The U.S. Small Business Administration (SBA) has implemented two Procedural Notices and new Standard Operating Procedures (SOP), which contain significant changes to the flagship 7(a) and 504 lending programs. The 7(a) and 504 programs aim to support small business owners across the country who need funds to start and grow their business. The modernized lending criteria and conditions for the SBA’s business loan programs reduce red tape and expand access to SBA loans, getting more money in the hands of businesses nationwide. The updated guidance also seeks to better assist underserved communities like women, minority, veteran, and rural entrepreneurs.
We’re breaking down the top things you need to know about the new SBA SOP and additional guidance here.
As the top SBA lender in the country* Live Oak Bank is here to help you navigate the options of buying, building, and expanding your business. We’re committed to staying up-to-date with SBA regulations to ensure a smooth and successful transaction for our customers. For additional information on the updated SBA SOP, read the full text here.
- Rules have changed around equity injection.
Equity injection is defined as new cash or other acceptable assets added to the project that is not on the borrower’s balance sheet prior to the equity injection.
Acquisitions: When purchasing a business that results in a new owner (complete change of ownership), the SBA requires an equity injection of at least 10 percent of the total project costs associated with the acquisition. Seller debt that is on full standby (meaning the seller is not accepting payment of principal or interest) can now be fully eligible as consideration for equity injection.
Startups: Under the new guidance, there is no equity requirement from the SBA for startup businesses. The bank’s internal credit policy will determine the amount of equity injection required for each applicant.
Employee Stock Ownership Plans (ESOPs): Lenders that have delegated authority can now submit ESOP transactions as such. Additionally, loans to ESOPs for the purpose of purchasing a controlling interest (at least 51%) in the employer’s small business are not required to provide an equity injection.
Additionally, through this new guidance, the SBA has also reduced the amount of documentation that lenders must collect to verify equity.
- SBA is now allowing loans for partial changes of ownership.
SBA loans can now be used to fund the purchase of a portion of one or more owner’s interest in the business. Partial business acquisitions are now eligible through SBA loans, creating exciting opportunities for deal structures that benefit all parties involved. Additionally, for partial changes of ownership, the selling owner is allowed to “remain as an owner and involved in the day-to-day business, including as an officer, director, key employee, or employee.”
- SBA removed the principle of control of one entity over another from its affiliation consideration, which is used to determine whether the business is considered “small.”
The new guidance simplifies the way in which lenders determine affiliation, removing the provisions on affiliation arising from management and control, franchise or license agreements, and identity of interest.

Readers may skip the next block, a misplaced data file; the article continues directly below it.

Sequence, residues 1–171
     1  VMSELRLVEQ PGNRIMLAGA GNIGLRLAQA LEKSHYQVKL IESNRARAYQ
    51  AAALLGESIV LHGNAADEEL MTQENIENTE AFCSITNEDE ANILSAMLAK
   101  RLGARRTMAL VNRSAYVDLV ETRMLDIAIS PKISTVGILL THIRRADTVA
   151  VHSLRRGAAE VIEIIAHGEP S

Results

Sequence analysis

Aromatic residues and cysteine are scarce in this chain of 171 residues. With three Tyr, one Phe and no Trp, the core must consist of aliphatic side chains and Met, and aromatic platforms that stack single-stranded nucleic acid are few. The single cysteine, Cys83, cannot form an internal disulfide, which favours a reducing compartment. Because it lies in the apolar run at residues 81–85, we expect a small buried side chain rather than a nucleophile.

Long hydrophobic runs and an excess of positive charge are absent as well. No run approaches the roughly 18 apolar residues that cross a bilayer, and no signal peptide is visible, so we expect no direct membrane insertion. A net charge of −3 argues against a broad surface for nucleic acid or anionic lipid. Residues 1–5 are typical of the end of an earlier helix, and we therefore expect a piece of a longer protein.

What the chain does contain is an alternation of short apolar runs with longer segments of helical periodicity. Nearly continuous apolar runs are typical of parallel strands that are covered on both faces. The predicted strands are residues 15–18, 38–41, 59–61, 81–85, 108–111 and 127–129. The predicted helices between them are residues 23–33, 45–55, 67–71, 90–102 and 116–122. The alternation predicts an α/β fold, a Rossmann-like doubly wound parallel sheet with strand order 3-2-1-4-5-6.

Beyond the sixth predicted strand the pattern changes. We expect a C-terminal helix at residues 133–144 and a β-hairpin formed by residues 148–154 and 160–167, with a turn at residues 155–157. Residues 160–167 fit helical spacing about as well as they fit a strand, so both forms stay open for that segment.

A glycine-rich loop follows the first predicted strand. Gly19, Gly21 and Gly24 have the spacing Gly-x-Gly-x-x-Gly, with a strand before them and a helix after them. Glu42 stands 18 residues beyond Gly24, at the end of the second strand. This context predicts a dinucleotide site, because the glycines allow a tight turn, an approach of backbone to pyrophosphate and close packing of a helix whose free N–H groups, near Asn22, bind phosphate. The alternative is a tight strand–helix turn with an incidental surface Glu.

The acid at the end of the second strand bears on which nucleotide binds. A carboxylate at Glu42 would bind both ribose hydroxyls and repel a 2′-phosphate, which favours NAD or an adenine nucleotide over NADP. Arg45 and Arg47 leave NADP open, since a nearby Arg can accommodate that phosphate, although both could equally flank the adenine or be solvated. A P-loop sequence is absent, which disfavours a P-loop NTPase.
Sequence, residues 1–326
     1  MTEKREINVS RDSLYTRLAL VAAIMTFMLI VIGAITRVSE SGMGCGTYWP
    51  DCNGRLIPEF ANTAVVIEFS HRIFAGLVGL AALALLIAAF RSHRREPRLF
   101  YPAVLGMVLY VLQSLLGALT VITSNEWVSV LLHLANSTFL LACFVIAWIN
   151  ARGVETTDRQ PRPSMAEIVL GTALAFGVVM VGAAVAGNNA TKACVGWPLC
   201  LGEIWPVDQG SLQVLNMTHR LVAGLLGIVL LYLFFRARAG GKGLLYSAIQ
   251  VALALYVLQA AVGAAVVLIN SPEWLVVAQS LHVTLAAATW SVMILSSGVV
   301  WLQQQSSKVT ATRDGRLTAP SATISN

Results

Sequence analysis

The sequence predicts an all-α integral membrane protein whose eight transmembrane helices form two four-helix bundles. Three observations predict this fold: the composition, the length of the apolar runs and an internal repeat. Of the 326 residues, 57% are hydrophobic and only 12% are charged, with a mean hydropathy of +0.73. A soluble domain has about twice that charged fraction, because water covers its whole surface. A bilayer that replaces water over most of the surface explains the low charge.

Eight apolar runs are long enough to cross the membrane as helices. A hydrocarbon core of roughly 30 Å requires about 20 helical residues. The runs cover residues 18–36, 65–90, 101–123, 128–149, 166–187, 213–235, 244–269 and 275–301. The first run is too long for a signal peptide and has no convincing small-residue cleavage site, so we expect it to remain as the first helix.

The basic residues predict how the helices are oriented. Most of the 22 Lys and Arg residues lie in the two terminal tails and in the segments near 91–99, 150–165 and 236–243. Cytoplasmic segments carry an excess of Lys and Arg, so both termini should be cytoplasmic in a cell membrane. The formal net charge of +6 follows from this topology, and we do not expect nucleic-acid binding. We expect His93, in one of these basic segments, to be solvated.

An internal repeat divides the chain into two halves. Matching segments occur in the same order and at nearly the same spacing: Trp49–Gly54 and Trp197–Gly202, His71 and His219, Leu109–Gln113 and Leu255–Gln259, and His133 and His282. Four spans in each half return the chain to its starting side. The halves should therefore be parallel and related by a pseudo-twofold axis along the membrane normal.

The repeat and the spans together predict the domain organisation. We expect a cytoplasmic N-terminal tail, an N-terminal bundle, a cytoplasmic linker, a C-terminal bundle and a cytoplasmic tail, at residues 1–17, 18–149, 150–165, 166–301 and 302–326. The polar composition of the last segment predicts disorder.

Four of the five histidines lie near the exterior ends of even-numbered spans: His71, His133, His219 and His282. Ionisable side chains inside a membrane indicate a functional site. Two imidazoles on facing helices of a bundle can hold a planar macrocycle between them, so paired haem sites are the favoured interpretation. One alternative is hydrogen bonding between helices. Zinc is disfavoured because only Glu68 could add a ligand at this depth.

The SBA’s affiliation standards have historically been quite complex. The goal of the previous guidance was to determine who "controls" a business entity. If you exerted control over the entity, then you were considered affiliated. Previously, lenders reviewed franchise and management agreements to ensure that the managing business/franchisor did not have too much control over a borrower.
Moving forward, the "control" element of affiliation is completely removed. Affiliation will boil down to percent ownership of other entities, with more than 50% generally being the threshold. The principle of control has been removed and lenders will only be evaluating ownership percentage.
- Personal resource test is eliminated.
SBA Lenders no longer need to consider the personal resources of the loan applicant when applying for SBA loans. Historically an applicant for a business loan had to show that the funds requested were not available from personal resources, meaning all the borrower’s usable liquid assets were reviewed. Under the new rule, SBA lenders are not required to evaluate the personal liquidity of the applicant during the review process.
- Lending criteria for creditworthiness streamlined for loans under $500,000.
SBA streamlined its lending criteria for loans under $500,000 by relaxing the amount of due diligence and documentation lenders must use in determining creditworthiness and reasonable assurance of repayment. Ultimately each lender will determine a process for handling loans of this size. Lenders can now use any of the three specific criteria individually or any combination of the three specific criteria when approving loans: (a) The credit score or credit history of the applicant (and the Operating Company, if applicable), its associates and any guarantors; (b) The earnings or cashflow of the applicant; or (c) Where applicable, any equity or collateral of the applicant.
- Refinancing business debt has been simplified.
The new guidance streamlined rules around loans that are eligible to be refinanced, making it less cumbersome for a lender to refinance its own debt and the debt of another lender.
- Insurance requirements changed.
The requirements for life insurance and hazard insurance are up to a bank’s internal policies. Life insurance is no longer a requirement for 7(a) and 504 loans, and the decision to assign a policy as collateral is left up to lenders. Hazard insurance is no longer required for loans under $500,000 with the exception of real estate collateral.
*The data supplied by the SBA reflects 7(a) highest dollar volume during FY 2022.